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Only a few benefit from unrest in Egypt

by Chris Hinyub, published

Today will mark the ninth day of protests in Egypt, a country experiencing a political revolution which some fear could spark civil unrest throughout all of North Africa and possibly the Middle East. The Western media is handling the unfolding events as if they were part of a sudden and unforeseen crisis, one that needs our careful attention and perhaps our military hand.


The truth is that this populist revolt was predicted by many in the Arab Muslim world, even before an American military presence in the Middle East became common place. The possibility actually exists that the ousting of Mubarak in Egypt is not the byproduct of a faltering U.S. dollar or rising food prices; rather, it's the realization of a greater geopolitical strategy which serves the status quo.


First, let's explore the historical context of this discussion. North Africa and the Middle East haven't known peace since the British-manufactured “Arab Revolt” led by Lawrence of Arabia fractured the Caliphates of the Ottoman Empire and transferred power either directly to agents married into Western royalty– as was the case in Libya and Jordan – or to preselected client dictators who could easily be persuaded to tow the line. This power structure hasn't changed much since WWI, nor can one expect it to anytime soon. You'll notice that Amman and Tripoli have yet to be singed by this revolutionary wildfire, though stirrings appear to be potentially brewing in Amman.


Evidence exists implicating the United States as complicit in the overthrow of the current Egyptian leader. But how is this to be believed when Mubarak has been (for all intents and purposes) a servant of our biggest ally in the Middle East, Israel? Well, let's see who benefits from this chaos. Israel will surely be painted as a potential martyr by Zionists if the Arab world gets too unruly. Not only has the heat already been taken off Israel's internationally condemned, yet unencumbered settlement expansions in occupied Palestine, Tel Aviv might benefit further with the option of a preemptive strike if the unrest spreads. No doubt American and U.N. Forces will be called upon to facilitate “re-stabilization.” Incidentally Mubarak is safe in Tel Aviv where he has been given asylum.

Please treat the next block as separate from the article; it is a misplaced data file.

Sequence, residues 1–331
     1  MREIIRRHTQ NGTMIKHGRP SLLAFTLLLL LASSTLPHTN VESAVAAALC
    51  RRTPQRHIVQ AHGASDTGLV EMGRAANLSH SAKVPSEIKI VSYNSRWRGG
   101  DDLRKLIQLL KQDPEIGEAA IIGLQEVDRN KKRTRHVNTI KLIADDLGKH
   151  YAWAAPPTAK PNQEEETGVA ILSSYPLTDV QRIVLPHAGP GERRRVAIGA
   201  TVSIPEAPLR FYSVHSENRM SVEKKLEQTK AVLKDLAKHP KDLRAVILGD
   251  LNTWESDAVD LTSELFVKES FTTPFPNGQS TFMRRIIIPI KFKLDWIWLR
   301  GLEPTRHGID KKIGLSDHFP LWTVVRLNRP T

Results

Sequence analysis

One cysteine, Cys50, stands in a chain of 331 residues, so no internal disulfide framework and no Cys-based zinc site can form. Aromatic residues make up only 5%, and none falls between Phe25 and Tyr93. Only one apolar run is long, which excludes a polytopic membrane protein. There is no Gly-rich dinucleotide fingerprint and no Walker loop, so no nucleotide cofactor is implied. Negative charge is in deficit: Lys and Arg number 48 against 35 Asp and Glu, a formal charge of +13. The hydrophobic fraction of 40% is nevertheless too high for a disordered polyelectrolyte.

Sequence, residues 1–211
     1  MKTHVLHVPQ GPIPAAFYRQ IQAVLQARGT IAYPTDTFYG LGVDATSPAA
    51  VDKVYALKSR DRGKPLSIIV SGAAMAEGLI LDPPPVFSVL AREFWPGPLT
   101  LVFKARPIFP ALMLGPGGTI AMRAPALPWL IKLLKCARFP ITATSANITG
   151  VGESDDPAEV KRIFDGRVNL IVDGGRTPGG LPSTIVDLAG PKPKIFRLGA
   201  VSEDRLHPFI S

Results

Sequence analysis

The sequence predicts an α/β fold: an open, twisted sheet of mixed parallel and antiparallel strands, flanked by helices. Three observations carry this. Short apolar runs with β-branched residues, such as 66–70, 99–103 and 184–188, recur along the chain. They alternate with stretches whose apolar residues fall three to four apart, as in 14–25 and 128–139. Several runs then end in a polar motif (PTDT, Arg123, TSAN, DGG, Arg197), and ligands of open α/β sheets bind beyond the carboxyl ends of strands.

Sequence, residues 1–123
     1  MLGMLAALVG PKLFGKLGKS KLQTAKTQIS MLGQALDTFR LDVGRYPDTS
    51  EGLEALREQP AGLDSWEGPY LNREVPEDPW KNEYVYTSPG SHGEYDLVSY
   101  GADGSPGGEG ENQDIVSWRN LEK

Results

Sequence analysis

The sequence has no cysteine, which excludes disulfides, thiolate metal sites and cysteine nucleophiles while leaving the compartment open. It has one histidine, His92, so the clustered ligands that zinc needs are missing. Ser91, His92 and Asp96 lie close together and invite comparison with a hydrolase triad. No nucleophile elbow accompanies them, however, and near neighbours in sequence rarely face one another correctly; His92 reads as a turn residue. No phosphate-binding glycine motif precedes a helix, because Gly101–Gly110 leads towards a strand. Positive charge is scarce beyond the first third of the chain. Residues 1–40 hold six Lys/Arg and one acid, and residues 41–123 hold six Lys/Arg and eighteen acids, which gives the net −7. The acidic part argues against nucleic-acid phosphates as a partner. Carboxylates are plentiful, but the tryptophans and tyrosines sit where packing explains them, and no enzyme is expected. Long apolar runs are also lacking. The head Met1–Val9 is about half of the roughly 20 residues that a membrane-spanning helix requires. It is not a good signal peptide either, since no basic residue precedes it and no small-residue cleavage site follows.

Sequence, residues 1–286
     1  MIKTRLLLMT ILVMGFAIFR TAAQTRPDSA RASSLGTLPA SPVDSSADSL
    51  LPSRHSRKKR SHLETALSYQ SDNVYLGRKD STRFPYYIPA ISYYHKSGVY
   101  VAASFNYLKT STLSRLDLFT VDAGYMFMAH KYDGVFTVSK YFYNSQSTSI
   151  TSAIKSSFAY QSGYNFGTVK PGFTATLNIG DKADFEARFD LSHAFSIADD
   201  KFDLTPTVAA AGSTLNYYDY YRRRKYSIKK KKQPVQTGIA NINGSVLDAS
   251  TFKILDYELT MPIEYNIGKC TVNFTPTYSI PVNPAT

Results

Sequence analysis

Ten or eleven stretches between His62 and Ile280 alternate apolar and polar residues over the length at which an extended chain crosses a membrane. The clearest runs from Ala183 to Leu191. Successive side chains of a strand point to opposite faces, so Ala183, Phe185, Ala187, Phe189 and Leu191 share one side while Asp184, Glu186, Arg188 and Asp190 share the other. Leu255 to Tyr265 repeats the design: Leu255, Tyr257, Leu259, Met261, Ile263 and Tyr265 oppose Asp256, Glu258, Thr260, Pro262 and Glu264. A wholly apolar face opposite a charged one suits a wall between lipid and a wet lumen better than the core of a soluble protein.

The main bonus of this revolution to the Establishment will be the prepackaged solutions the West has planned in the form of “regime change.” Extremist groups who ostensibly represent “the people” have the limelight now. What is less talked about are the “outside” elements acting to foment clashes between police and protestors such as the “German/Swedish snipers” caught in Tunisia or the looters and jail breakers in Egypt found wearing government ID badges. By suppressing this information, it won't be hard to convince a coalition of powers that a reformation of political and then social structures in North Africa is a necessary component for peace and stability in the region.


Already “Al Qaeda” is being displaced in popular discourse with the term “Muslim Brotherhood” – an organization whose links to the CIA, Mossad and MI-6 are too well documented for it to be taken seriously as a fundamentalist group. The extensive exposure the opposition party has received by the major media outside a shared social context can only work to heighten the already simmering Islamophobia the West has embraced, and it doesn't bode well for Muslim communities struggling against genuine autocratic oppression.


As the Tunisian and Egyptian people scramble to depose their puppet dictators, it seems the script written by the U.S. and Israel doesn't call for a critical look by the opposition at who shall replace them. One name being touted as a potential savior for Egyptians is that of Mohamed ElBaradei. The same ElBaradei who helped facilitate the 2003 U.S. Invasion of Iraq using his position as director of the IAEA. The same ElBaradei who, in April, gave a speech at Harvard saying he was “looking for a job” preferably as an “agent of change and an advocate of democracy .” Before one gets carried away with romantic notions that Baradei could represent the common men and women of Egypt, don't forget he is currently a trustee of the International Crisis Group, sitting alongside Zbigniew Brzezinski. George Soros sits on its executive committee.


While the bait-and-switch con for a corporatist leader is executed in Egypt, the domino effect to ensue will sow enough discord abroad that the perceived threat of upheavals here at home will further tighten the noose on social networking freedom. The events in Egypt provide an all too convenient pretext for American politicians from the left and right who want to exercise the same power over the internet that autocrats in North Africa currently enjoy. With Egypt taking down its internet and China banning internet searches pertaining to Egypt, a clear psychological message has been sent to the American people that our access to the internet is contingent upon our behavior. Remember, Lieberman would love more than anything for DC to model its internet policy off Beijing's.


Are there any new lessons to be learned here? Sure. In the words of an anonymous blogger:


     “think tanks and intelligence agencies based in Western countries are bigger sources of mayhem than the unarmed protestors on the streets.”


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